I think you have a valid point. Let's say I control 50% of the mining. How much would I accept to start a new fork from 10 blocks back?
With 50% of the mining, I'd be getting about half of the blocks, or 5 of the 10 blocks just mined. Asking me to fork from 10 blocks back would mean I'd be giving up these 5 blocks worth of payment.
The question then is how long it would take me to catch up to the real block chain from 10 blocks behind. At 50% of mining, I'd be flipping a coin to try to get 10 more heads than tails. On average, that takes some number of flips, say N. So, I would have to mine an additional N blocks, on average, to catch up to the current chain.
So, if you pay me more than N+5 blocks worth, then it would on average be more profitable for me to start a chain for you than to continue the current chain.
However, this is the average, and the distribution has a long tail, meaning it might take hundreds of blocks until the new chain is longer than the current one. There are some ways we could deal with this risk:
1) I charge you a per-block fee, and you pay me as long as you want me to mine for you. There is no promise I will ever catch up to the current chain, but I'll keep trying as long as you keep paying more than I'd make with legitimate mining.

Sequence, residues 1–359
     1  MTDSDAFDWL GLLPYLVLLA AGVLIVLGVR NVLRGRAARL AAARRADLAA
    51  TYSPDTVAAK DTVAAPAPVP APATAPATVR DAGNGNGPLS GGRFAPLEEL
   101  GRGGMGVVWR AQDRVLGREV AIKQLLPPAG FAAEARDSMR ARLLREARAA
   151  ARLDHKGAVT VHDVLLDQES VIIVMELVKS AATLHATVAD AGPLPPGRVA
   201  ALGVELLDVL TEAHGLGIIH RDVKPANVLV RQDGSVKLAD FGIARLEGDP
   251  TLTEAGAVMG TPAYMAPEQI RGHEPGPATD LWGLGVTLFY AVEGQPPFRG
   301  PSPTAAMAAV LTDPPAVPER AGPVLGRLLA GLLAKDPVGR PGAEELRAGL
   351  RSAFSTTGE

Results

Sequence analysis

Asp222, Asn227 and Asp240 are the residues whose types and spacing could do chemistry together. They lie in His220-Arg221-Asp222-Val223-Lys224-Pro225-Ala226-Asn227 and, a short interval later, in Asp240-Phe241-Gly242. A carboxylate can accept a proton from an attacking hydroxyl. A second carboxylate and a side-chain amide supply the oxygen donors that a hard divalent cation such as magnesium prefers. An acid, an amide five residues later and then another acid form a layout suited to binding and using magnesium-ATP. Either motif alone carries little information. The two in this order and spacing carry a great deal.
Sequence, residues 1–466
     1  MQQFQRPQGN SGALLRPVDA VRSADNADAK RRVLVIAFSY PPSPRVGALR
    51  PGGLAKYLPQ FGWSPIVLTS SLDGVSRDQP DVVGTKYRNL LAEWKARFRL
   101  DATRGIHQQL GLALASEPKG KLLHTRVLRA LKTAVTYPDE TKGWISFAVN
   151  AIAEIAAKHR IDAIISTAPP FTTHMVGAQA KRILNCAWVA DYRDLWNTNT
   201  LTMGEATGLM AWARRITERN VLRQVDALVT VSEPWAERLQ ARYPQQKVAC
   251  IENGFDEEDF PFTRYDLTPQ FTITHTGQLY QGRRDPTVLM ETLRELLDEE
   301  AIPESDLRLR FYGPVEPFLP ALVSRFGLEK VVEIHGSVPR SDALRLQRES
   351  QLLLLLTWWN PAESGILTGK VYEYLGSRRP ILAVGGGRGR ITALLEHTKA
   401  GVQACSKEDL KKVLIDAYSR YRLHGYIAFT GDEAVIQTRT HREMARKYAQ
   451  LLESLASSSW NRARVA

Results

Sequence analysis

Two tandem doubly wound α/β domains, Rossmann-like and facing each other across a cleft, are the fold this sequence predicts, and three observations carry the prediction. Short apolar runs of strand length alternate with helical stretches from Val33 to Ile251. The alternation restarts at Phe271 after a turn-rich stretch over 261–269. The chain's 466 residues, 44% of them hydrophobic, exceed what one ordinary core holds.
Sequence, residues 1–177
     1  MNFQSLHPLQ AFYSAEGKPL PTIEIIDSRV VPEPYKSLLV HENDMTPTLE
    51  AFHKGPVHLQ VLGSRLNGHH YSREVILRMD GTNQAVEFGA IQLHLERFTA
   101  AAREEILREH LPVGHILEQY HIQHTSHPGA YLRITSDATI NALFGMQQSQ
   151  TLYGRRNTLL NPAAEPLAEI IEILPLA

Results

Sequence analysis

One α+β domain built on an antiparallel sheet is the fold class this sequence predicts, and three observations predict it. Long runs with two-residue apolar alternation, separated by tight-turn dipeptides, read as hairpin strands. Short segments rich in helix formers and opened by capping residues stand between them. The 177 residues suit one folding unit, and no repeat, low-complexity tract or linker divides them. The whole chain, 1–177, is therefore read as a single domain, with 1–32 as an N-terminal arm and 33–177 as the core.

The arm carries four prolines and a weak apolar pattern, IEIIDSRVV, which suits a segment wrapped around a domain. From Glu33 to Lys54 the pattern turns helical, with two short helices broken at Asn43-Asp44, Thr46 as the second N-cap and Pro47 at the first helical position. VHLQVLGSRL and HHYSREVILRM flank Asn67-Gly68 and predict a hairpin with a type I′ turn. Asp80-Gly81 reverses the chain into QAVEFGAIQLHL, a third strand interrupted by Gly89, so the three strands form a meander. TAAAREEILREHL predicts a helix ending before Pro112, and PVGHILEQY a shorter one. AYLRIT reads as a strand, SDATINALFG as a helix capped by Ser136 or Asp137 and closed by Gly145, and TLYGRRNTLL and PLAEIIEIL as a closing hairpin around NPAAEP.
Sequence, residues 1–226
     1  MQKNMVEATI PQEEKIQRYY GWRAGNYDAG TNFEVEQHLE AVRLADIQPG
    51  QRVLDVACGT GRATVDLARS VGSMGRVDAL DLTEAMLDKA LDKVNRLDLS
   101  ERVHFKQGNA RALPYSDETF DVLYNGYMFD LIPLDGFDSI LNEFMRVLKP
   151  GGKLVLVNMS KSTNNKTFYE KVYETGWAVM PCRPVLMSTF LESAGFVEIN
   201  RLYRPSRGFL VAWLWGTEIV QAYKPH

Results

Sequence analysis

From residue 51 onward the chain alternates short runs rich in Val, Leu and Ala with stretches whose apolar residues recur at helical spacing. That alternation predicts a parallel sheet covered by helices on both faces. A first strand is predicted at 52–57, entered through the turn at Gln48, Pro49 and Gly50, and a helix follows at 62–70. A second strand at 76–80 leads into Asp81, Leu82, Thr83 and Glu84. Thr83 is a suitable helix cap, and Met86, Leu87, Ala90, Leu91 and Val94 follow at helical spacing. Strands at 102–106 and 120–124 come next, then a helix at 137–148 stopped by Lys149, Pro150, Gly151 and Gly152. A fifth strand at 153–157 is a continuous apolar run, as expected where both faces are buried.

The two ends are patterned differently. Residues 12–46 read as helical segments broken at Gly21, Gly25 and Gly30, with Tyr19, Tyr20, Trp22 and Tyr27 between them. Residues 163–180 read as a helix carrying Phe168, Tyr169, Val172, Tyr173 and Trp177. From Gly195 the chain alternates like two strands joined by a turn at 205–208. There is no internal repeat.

2) I charge you up front and take the risk. In this case I'm on the hook to catch you up to the existing chain. I'd probably charge a large premium based on the potential to divert my mining resources for a long time. Also, it's possible I never will catch up, so I'd probably add a refund clause to cut my losses if it looks hopeless.
The idea that I'd mine legitimately because I want Bitcoin to succeed has some truth, because there is some setup cost to mining and I want a return on this investment, but for the right price I'd probably take the risk of killing Bitcoin. That risk is captured in the premium I charge you over my normal mining income.
Plugging in some numbers, I'll use Briguy37's assumption of 15 BTC per block mined, and let's assume N is 20 and my premium is 100%. Then, I'd charge 25*15*2 = 750 BTC to do this fork.
We can argue the exact numbers, but the main point seems to be what you were saying, which is that large transactions are not as trustworthy as smaller ones.
I would take this one step farther and argue that some smaller transactions may not be trustworthy either. Suppose I agree to pay 100 people 10 BTC each. That's 1000 BTC from me, but each transaction is only 10 BTC as far as the recipients know. if I time them all the same, the cost to reverse all of them is the same as if they were a single transaction.